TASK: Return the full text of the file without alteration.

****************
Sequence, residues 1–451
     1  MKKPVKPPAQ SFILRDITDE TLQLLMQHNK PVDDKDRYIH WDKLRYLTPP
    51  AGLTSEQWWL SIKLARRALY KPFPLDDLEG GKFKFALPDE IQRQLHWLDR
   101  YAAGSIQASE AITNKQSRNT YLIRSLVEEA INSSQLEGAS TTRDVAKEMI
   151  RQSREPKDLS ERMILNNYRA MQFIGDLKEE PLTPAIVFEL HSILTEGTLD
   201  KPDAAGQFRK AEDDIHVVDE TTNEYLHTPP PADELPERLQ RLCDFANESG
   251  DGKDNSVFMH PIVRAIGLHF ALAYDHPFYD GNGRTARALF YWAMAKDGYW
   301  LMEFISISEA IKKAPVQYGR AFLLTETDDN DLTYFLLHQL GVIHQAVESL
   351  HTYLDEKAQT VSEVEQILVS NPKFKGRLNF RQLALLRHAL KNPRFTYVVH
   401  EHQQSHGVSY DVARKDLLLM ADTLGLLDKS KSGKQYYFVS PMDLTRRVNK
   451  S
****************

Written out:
Sequence, residues 1–451
     1  MKKPVKPPAQ SFILRDITDE TLQLLMQHNK PVDDKDRYIH WDKLRYLTPP
    51  AGLTSEQWWL SIKLARRALY KPFPLDDLEG GKFKFALPDE IQRQLHWLDR
   101  YAAGSIQASE AITNKQSRNT YLIRSLVEEA INSSQLEGAS TTRDVAKEMI
   151  RQSREPKDLS ERMILNNYRA MQFIGDLKEE PLTPAIVFEL HSILTEGTLD
   201  KPDAAGQFRK AEDDIHVVDE TTNEYLHTPP PADELPERLQ RLCDFANESG
   251  DGKDNSVFMH PIVRAIGLHF ALAYDHPFYD GNGRTARALF YWAMAKDGYW
   301  LMEFISISEA IKKAPVQYGR AFLLTETDDN DLTYFLLHQL GVIHQAVESL
   351  HTYLDEKAQT VSEVEQILVS NPKFKGRLNF RQLALLRHAL KNPRFTYVVH
   401  EHQQSHGVSY DVARKDLLLM ADTLGLLDKS KSGKQYYFVS PMDLTRRVNK
   451  S